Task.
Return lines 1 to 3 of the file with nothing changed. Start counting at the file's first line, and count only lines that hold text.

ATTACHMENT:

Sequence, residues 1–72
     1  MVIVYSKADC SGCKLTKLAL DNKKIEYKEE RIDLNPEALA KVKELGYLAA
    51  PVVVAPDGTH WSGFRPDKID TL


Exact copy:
Sequence, residues 1–72
     1  MVIVYSKADC SGCKLTKLAL DNKKIEYKEE RIDLNPEALA KVKELGYLAA
    51  PVVVAPDGTH WSGFRPDKID TL